persons with prior conditions to buy insurance. In countless areas the  
Obama Administration has made the government more effective and better  
prepared to deal with the challenges of protecting the environment and  
worker, consumer or civil rights. But there are also very visible  
areas where they have compromised, delivered very little, or made  
things worse. (More here).

In the areas where I work, which includes policies regarding  
intellectual property rights and innovation, I have made a few notes  
of some of the positive and negative surprises we have seen over the  
past two years. This is not exhaustive -- I don't have the time for  
that. But it does illustrate the frustrations that many feel following  
the change we voted for (and expected) in 2008. In short, I was:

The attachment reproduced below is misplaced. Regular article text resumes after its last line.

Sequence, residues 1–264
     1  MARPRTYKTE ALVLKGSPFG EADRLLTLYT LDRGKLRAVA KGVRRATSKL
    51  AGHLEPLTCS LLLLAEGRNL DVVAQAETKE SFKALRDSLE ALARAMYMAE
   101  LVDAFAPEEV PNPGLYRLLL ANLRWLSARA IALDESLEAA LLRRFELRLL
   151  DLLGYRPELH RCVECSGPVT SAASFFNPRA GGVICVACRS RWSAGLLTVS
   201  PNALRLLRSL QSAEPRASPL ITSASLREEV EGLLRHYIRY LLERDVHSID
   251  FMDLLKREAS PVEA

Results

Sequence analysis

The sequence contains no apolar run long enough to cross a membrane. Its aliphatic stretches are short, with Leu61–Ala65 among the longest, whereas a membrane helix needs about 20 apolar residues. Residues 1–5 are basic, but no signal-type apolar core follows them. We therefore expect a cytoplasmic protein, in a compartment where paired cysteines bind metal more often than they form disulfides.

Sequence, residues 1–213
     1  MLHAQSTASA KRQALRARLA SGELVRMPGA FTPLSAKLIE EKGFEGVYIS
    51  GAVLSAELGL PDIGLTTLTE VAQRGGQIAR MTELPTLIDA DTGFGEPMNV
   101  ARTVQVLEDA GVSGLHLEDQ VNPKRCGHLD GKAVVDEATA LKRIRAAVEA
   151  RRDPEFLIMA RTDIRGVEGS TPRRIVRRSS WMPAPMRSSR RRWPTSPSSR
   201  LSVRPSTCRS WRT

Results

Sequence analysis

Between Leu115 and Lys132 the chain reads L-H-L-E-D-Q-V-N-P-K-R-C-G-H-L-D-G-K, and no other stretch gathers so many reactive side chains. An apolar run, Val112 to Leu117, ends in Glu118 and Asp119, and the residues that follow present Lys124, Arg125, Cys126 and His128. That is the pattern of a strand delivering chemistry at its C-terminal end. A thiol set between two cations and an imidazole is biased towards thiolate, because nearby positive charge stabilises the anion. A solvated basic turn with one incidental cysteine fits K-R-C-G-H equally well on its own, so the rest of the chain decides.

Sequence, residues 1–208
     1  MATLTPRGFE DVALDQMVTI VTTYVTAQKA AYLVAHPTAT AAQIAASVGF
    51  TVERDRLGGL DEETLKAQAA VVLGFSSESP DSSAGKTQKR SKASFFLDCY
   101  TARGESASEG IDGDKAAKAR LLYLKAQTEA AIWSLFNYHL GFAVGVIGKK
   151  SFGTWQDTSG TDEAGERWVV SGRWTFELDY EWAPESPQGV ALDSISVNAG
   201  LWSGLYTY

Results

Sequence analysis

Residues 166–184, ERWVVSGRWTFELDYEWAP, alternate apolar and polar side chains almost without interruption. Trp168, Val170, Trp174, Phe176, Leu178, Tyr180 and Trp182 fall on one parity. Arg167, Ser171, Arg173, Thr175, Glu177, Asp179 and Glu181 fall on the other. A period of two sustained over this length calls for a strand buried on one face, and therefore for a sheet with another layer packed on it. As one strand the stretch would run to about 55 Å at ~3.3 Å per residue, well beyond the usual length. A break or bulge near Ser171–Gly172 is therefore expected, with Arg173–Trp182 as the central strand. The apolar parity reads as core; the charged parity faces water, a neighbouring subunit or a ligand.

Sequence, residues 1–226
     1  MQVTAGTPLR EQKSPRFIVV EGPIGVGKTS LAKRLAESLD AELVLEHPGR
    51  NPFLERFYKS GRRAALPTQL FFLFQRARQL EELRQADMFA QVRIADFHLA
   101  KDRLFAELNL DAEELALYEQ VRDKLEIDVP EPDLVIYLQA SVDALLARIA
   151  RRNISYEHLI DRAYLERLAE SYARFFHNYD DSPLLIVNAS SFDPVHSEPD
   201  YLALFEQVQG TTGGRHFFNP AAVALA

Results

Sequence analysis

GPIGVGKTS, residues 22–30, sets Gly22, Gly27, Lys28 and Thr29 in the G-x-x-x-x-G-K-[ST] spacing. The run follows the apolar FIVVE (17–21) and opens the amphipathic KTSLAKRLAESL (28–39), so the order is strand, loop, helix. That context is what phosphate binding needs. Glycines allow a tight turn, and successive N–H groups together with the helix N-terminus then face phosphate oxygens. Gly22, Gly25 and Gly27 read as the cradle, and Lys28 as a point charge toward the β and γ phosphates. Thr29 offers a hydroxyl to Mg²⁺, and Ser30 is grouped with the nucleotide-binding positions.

• Surprised, shocked and disappointed to learn that almost  
immediately after his inauguration, President Obama held secret  
meetings with the CEOs of Pfizer, Abbott, Merck and PhRMA, and made  
non-transparent deals to abandon his campaign promises to rein-in high  
drug prices. More here and here.
	• Surprised and disappointed when the White House declared that  
international negotiations over a new controversial anti-consumer  
agreement on copyright, trademark and patent policy would be conducted  
in secrecy, as a matter of national security. Cynically named the  
"anti-counterfeiting" trade agreement (ACTA), but dealing with civil  
and criminal enforcement of all routine infringements of intellectual  
property rights, for more than a year, the Obama Administration fought  
the inclusion in the agreement of basic safeguards of consumer rights,  
and exceptions in areas of public interest, such as the enforcement of  
patent infringement cases against medical professionals, drug